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Flight lines: Falling short of county bird challenge

Just the second time I'd seen the species in the county, this red knot was one of many shorebird species present during the extremely high water of spring, 2009. Keith Corliss/The Pioneer

It had been accomplished twice in the past, once in 2005 in Burleigh County, and again in 2007 in McHenry County. But no one that we know of had done it in Cass.

This all started rather innocently several years ago when Corey Ellingson, a devout bird-watcher from Bismarck, issued a challenge to the state's birders. It was simply this: Find 250 bird species in one North Dakota county in the span of one calendar year.

I guess I hadn't given the idea a whole lot of thought. I'd always considered Cass County to be a sort of "tweener" location. You know, sits between the vast woods of forested northern Minnesota and the rich grasslands of central North Dakota, peppered with potholes. Apart from the spring and fall migrations, Cass County is not exactly a go-to destination.

Then the flood hit. There was water everywhere in the county. And with the water came birds. Lots of birds. Gulls, waterfowl and shorebirds were everywhere. Numbers started to climb on my list. On the 18th of April, I was lucky enough to add an Iceland gull to the tally, a bird I'd never seen in the state, much less the county. At that point I was beginning to think, hey, maybe this could be done.

Crunching the numbers, I figured I'd need to see all the regularly occurring birds plus a good number of rarities in order to make this happen. A strategy was born and it was simple. Hit the spring and fall migrations hard, spend the summer leisurely marking off the nesting species, and hope for vagrants late in the year. I knew I couldn't miss many and still make 250.

Disappointment struck on May 1. A bird of the southern U.S. showed up briefly at a Horace residence; a white-winged dove. By the time anyone got there, the bird had vanished, leaving only a taunting digital photograph. This was a big miss, a "get-through" as we called it in the Air Force.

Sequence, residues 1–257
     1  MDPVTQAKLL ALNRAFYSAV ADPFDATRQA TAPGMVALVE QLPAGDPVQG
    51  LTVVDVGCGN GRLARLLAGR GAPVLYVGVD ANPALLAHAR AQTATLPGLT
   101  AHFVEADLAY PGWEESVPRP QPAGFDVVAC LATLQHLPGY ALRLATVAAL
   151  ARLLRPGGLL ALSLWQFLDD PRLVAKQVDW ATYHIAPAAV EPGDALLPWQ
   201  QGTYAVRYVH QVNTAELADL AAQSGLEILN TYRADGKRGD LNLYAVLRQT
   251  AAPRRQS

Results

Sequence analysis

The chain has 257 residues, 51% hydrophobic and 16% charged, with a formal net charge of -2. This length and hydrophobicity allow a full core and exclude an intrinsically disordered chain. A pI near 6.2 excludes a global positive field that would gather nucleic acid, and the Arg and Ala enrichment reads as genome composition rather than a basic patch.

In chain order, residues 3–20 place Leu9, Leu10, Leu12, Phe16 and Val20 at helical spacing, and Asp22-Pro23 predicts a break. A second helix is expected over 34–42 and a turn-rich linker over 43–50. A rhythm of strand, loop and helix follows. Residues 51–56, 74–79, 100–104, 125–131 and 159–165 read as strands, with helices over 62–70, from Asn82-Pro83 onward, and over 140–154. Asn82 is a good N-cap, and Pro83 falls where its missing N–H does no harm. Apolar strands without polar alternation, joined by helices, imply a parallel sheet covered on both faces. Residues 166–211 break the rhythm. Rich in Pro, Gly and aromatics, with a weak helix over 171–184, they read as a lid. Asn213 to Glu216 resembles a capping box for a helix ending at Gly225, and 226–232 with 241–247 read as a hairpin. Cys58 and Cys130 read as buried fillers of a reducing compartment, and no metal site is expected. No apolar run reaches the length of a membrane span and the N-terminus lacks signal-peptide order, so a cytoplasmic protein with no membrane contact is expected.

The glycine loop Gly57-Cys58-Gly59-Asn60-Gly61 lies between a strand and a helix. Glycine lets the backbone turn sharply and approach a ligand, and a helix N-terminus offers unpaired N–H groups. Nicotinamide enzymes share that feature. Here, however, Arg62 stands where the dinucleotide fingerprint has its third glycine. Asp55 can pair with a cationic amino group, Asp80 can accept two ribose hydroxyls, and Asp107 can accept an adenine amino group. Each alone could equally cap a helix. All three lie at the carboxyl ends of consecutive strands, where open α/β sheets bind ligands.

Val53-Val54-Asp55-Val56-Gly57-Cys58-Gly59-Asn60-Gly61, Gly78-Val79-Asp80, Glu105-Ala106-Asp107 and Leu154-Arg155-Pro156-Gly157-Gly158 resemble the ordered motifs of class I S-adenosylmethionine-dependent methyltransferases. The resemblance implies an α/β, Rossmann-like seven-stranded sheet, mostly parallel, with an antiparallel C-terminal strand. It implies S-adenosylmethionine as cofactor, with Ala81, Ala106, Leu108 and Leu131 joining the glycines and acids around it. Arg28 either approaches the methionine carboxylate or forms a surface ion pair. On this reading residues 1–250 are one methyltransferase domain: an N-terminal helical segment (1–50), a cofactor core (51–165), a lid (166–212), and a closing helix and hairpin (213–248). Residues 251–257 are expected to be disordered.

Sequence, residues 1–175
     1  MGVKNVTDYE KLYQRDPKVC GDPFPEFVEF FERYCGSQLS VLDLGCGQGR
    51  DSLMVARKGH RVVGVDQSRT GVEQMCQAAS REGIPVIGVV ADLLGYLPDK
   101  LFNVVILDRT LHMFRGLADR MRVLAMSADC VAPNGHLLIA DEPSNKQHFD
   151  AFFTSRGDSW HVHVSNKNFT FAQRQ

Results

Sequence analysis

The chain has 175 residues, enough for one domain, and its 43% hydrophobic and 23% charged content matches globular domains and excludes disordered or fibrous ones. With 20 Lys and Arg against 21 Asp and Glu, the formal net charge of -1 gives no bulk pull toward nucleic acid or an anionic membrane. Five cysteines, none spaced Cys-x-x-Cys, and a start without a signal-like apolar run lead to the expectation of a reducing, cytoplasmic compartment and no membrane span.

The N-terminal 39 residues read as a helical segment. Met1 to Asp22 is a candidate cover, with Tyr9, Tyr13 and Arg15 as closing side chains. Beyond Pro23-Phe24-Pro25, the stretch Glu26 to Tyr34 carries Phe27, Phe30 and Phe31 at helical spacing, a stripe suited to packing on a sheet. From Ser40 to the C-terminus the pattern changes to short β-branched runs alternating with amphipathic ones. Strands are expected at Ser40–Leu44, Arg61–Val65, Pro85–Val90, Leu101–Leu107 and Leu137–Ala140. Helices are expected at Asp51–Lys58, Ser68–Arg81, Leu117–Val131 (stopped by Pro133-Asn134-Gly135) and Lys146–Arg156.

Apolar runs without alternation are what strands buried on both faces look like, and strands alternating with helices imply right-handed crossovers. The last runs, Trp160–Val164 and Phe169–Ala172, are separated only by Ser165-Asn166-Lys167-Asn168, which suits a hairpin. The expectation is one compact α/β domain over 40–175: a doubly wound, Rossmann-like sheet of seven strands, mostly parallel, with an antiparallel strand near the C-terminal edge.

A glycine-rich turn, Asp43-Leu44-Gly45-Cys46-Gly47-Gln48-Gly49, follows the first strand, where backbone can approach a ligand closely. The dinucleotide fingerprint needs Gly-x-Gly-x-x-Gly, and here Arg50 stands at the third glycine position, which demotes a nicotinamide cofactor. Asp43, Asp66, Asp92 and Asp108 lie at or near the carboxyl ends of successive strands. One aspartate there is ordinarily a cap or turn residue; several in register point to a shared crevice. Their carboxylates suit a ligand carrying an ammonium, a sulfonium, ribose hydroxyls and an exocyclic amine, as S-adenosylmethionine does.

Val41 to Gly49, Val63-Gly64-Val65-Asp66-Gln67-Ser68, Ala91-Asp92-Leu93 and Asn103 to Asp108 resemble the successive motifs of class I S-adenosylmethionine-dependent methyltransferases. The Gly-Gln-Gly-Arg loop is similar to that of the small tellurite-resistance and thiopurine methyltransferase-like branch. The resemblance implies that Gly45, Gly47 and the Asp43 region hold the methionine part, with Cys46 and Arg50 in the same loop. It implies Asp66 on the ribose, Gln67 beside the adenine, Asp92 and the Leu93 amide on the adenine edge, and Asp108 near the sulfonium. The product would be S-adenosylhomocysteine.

The spring songbird migration was decent, but not exceptional. Making the task difficult was access to the Red River wooded areas; they were mostly under water. But not West Fargo. Thus, several of us hit the parks particularly hard and it paid off. May 17 brought a nice group of warblers to Elmwood Park, including a rare hooded warbler plus another state/county first for me, a black-throated blue warbler. It was getting interesting.

Driving whatever township roads were still passable, we scoped the sheet water the following day on the flooded fields between West Fargo and Horace. No disappointment here. Great numbers of shorebird species were noted, including yet another county first--the federally endangered piping plover. In all, 22 shorebird species were tallied that day.

By early June I had seen 225 species in Cass County and the 250 mark was looking very possible. With a good fall show of waterfowl and a wave of northern finches late in the year, I just might make it.

A bright and serendipitous moment occurred on June 23. I had just walked a wooded area south of Fargo along the Red River when I returned to my car and sat with the window open to record what I had seen. No sooner had I begun writing, when a yellow-billed cuckoo began to sing nearby. Another county first and number 232 for the year.

I combed the county all summer counting up the missing common birds while hoping for something weird. Nothing. Fall was somewhat slow with number 240 - an osprey - coming on September 21.

Early October brought bad news but another new county bird. The bad news: Ron Pittaway's famous finch forecast was not good ("The theme this winter is there will be no major finch irruptions outside their normal ranges"). In addition, the rare fall waterfowl species were not showing up. Still, on October 8, I found what author and longtime area birder Bob O'Connor said was "probably the first live mountain bluebird in Cass County."

Only a few more species were seen before year's end, including three owls. I didn't make it, falling three short. Is it ever possible here? Of course. But a person needs lots of time, lots of gas money, lots of birding friends, and a little bit of luck. All told, over 250 species were reported in the county last year. Cass County, it turns out, isn't so bird-less after all.

Corliss is a West Fargo resident, avid birder, and ND Game and Fish volunteer instructor. He serves as a corporate pilot for Forum Communications.